I’m just starting in Kicad, coming from using design services. I want to make sure I fully understanding how Kicad controls pad sizes etc. Please look at the below and let me know if there are any mistakes or misconceptions.
Drilled hole, specified in footprint library else modified in PCB Editor hole by hole.
No “automatic” rule exists (like for solder mask relative to pad OD)
Pad OD: pretty much the same as for Drilled hole.
Solder Mask OD. Calculated by the pad OD + 2 x Solder mask clearance
Specified in: Setup / Pad to Mask Clearance: Solder mask clearance.
Keep out area around pad. If another pad or trace falls into this area an error is generated (DRC)
Defined by “clearance” value in Setup / Design Rules / NetClasses Editor.
Applies to traces as well.
Traces are defined to a NetClass in the routing mode by selecting a track then pressing “E” on the keyboard
Specified in the footprint.
The hole diameter specified in kicad is typically the final hole size as you receive the board.
This size depends on the size of the component lead. (Rule of thumb: 0.2mm larger diameter compared to the maximum lead diameter)
Specified in the footprint.
The pad diameter is normally quite a bit larger than the hole to allow for soldering. There even is a minimum size increase specified by your manufacturer. (minimum annular ring.)
clearance can be specified on the pad, footprint or project level.
(pad setting overwrites footprint which in-turn overwrites project settings. Setting the pad or footprint settings to 0 means take the one of the level above.)
You only get an error if the other trace or pad is assigned to a different net.
And yes this clearance is defined on a net by net basis via the netclass. But it can also be specified at the pad or footprint level.
More details see: Tutorial: How to make a footprint in KiCad 5.1.x (From scratch)?
Thank you for the quick and detailed reply. Especially the link. I looked in the help file but didn’t think about the FAQ’s.
This issue trips up many users.
I recommend setting the Pad to Mask Clearance to ZERO; but it will depend upon the fab house you use and the color of the solder mask that you specify (for each fab house).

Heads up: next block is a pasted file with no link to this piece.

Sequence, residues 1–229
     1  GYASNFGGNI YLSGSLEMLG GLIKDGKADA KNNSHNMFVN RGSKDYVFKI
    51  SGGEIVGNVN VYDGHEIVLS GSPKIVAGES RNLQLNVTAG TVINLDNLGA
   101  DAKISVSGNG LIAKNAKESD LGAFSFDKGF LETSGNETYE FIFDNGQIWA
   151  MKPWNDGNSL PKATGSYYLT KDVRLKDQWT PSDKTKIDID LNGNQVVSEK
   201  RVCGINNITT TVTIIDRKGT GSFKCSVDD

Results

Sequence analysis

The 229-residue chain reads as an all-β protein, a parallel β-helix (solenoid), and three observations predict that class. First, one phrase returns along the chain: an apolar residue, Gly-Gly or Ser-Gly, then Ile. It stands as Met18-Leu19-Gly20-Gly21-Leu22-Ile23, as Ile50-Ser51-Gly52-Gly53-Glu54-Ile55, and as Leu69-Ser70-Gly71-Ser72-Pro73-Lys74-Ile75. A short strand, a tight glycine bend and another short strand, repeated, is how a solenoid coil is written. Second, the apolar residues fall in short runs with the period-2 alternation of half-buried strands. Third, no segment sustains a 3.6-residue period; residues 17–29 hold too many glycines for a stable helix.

The ugly issue is that there will likely be at least one trace to that pad. The soldermask layer is a negative layer, meaning that any/all traces to that pad will NOT be covered by the soldermask.
I may be confusing your wording, however I’ve been the engineer on many many PCB designs and the solder mask has always covered the traces and vias. Perhaps I am missing you intention?
This may be one of KiCad’s idiosyncrasies.
Your OP image stated “Mask ID (3)” and the arrow pointed to the OD diameter of the soldermask clearance.
My first reply was based upon the information you initially provided.
The best way to gain understanding is to upload small portions of actual KiCad screen-grabs.
OK… the screen grab I uploaded was a simple graphic I drew to print it out and help me internalize the pad graphics I see in Kicad.
I think more graphically than verbally.
But thanks for the tip, I will definitely check the Gerbers before sending out for fab.
The 3D viewer in KiCad is VERY GOOD.
It is not a substitute for final Gerbers sent to a Fab.
Change some of the settings and check out how the changes affect the view in PcbNew, the 3D viewer, and the Gerbers.
@JohnRob The workflow suggested by @Sprig might work for hobbyists who do not really care how they receive their boards.
(And especially: Who do not care about accountability. In a company one important question is “Did we screw up or did our supplier screw up”. If your design files violate specifications of the supplier you are always the one who screwed up.)
The problem with that workflow is that one relies on the fab guys to set the correct clearance and min width settings and recreate the mask layer. (They specify a minimum clearance for a reason, they will not manufacture a board with your settings of 0.)
One problem that can easily occur is that you suddenly loose mask on fine pitched smd parts. (They increase the mask clearance -> now the remaining mask violates the min width settings)
My suggestion therefore:
Setup the mask clearance as specified by the manufacturer of your board. Do not go to the absolute minimum they specify if not absolutely necessary. That way your gerbers will define how the board will really look like (of course there will be tolerances.)
Meaning you are far more likely to spot problems your self when compared with a workflow where you rely on your fab.